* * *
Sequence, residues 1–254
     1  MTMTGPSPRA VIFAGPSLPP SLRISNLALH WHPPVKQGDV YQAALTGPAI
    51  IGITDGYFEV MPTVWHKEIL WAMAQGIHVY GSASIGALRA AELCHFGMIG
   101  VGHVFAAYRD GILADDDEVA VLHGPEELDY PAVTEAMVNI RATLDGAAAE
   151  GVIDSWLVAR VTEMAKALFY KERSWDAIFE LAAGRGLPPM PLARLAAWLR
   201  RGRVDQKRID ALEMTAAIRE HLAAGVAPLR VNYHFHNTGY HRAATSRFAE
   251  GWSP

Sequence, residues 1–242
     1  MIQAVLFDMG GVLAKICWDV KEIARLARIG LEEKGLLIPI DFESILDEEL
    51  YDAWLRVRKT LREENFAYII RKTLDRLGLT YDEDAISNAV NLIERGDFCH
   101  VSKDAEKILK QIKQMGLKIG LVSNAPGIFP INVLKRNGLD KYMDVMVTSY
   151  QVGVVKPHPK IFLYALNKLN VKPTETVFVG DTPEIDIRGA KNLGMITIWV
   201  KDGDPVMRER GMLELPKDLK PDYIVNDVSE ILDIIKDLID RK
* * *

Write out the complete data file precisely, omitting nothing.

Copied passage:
Sequence, residues 1–254
     1  MTMTGPSPRA VIFAGPSLPP SLRISNLALH WHPPVKQGDV YQAALTGPAI
    51  IGITDGYFEV MPTVWHKEIL WAMAQGIHVY GSASIGALRA AELCHFGMIG
   101  VGHVFAAYRD GILADDDEVA VLHGPEELDY PAVTEAMVNI RATLDGAAAE
   151  GVIDSWLVAR VTEMAKALFY KERSWDAIFE LAAGRGLPPM PLARLAAWLR
   201  RGRVDQKRID ALEMTAAIRE HLAAGVAPLR VNYHFHNTGY HRAATSRFAE
   251  GWSP

Sequence, residues 1–242
     1  MIQAVLFDMG GVLAKICWDV KEIARLARIG LEEKGLLIPI DFESILDEEL
    51  YDAWLRVRKT LREENFAYII RKTLDRLGLT YDEDAISNAV NLIERGDFCH
   101  VSKDAEKILK QIKQMGLKIG LVSNAPGIFP INVLKRNGLD KYMDVMVTSY
   151  QVGVVKPHPK IFLYALNKLN VKPTETVFVG DTPEIDIRGA KNLGMITIWV
   201  KDGDPVMRER GMLELPKDLK PDYIVNDVSE ILDIIKDLID RK